2018 Bills

Turning the Tide on Overcriminalization


Over-criminalization is a plague that has spread across the country, including Utah. With over 10,000 laws and new ones being passed every year, there comes a point when the criminal code needs to be reexamined.

Back in 2016, Senator Daniel Thatcher led an effort to eliminate the consequence of jail time on a number of silly Class C misdemeanor offenses. Both he and Libertas Institute expressed interest in carrying the fight to Class B misdemeanors.

Two bills resulted from those discussions: Senate Bill 20, and Senate Bill 180. SB 20 not only reduces many misdemeanors down to an infraction, but also addresses one of the chief causes of a bloated amount of misdemeanor offenses.

When a city passes a new ordinance defining something as illegal conduct, they often don’t specify the level of the offense. Instead it is automatically classified as a class B misdemeanor. Senator Thatcher’s bill eliminated that issue by instead classifying these and future offenses as infractions. If a city wants to specify a stricter classification, they can do so, but they need to take the time to determine if that is appropriate and then explicitly do so, rather than have it be set by default.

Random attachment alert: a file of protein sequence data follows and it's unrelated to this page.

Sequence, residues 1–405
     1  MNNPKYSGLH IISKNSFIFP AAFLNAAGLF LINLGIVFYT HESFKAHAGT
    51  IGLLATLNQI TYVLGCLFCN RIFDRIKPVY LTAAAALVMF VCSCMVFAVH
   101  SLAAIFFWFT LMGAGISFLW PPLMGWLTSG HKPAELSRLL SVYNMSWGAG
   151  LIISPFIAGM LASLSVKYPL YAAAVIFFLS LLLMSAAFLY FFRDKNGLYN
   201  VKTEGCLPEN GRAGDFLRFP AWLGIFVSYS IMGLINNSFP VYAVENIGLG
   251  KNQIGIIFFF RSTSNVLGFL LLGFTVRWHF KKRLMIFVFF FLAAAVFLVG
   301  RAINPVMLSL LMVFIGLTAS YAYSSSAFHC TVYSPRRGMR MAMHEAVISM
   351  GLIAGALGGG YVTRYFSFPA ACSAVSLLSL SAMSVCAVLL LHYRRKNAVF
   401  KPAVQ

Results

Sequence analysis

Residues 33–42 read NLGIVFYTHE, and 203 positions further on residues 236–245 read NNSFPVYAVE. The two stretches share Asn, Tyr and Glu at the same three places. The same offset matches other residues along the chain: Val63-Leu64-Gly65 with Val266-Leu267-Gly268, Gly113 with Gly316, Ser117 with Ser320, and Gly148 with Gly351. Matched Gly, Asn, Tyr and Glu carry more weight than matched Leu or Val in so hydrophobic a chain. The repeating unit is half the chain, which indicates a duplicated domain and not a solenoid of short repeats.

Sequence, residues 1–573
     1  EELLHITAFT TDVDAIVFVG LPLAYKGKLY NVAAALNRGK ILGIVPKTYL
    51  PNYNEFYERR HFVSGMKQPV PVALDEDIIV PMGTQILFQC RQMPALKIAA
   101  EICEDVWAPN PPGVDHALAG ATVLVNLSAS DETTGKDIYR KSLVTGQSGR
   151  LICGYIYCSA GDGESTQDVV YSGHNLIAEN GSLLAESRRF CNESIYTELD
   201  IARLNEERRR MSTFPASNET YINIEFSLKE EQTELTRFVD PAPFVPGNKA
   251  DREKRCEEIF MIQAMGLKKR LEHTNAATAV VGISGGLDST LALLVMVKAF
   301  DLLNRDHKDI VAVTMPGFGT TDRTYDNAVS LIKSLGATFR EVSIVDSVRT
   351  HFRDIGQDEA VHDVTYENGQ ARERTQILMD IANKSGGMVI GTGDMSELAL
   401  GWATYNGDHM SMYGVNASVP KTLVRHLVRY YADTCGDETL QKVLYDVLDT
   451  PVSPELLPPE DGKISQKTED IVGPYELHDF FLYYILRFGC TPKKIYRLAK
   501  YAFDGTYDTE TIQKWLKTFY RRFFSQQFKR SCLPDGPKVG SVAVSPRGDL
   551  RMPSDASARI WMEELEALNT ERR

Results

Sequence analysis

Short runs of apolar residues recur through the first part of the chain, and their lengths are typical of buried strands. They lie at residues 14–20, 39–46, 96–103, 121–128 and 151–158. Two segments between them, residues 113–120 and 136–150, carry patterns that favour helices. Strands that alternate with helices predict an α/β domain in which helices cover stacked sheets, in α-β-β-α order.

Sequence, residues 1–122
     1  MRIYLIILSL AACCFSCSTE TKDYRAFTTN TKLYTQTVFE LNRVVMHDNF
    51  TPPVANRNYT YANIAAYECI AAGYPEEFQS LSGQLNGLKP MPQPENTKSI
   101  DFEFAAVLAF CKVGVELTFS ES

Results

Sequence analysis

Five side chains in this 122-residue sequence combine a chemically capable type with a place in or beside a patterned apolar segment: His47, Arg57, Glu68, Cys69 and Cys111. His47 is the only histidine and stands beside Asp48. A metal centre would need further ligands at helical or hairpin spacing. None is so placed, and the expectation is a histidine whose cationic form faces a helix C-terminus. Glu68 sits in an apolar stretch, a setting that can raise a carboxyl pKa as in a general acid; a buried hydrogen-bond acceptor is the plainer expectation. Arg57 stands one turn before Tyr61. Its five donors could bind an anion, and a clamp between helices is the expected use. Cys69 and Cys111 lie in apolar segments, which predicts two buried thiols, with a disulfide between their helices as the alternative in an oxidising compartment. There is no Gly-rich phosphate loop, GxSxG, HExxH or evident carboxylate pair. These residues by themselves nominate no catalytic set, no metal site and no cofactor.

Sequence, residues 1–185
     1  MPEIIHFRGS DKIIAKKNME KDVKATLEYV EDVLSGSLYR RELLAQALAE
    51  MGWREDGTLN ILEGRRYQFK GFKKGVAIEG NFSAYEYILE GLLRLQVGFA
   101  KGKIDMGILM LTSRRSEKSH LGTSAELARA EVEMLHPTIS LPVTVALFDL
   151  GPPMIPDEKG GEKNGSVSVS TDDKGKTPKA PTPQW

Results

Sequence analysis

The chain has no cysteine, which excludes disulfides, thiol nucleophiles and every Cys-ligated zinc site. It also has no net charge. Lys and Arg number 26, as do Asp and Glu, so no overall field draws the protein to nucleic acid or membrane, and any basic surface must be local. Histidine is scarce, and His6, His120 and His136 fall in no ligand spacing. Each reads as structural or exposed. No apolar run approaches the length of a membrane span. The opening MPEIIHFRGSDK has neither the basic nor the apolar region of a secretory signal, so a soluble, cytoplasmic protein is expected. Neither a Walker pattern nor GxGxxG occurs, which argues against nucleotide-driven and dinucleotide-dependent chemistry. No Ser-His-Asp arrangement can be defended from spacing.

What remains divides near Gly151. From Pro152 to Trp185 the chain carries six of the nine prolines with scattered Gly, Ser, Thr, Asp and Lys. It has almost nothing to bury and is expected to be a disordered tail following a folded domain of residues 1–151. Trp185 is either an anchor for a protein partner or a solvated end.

SB 180 ended up targeting three specific class B misdemeanors and reduced them down to an infraction (including holding a raccoon). The bill was originally introduced to target more than just three, but prosecutors and law enforcement pushed back. This will continue to be an issue that both Senator Thatcher and Libertas will work on in future years.

For now, Utahns can be assured that cities will no longer be introducing new class B misdemeanors en masse. This, along with preventing city code enforcers from issuing citations with criminal consequences, will help prevent situations like what happened to this Orem woman from happening again.

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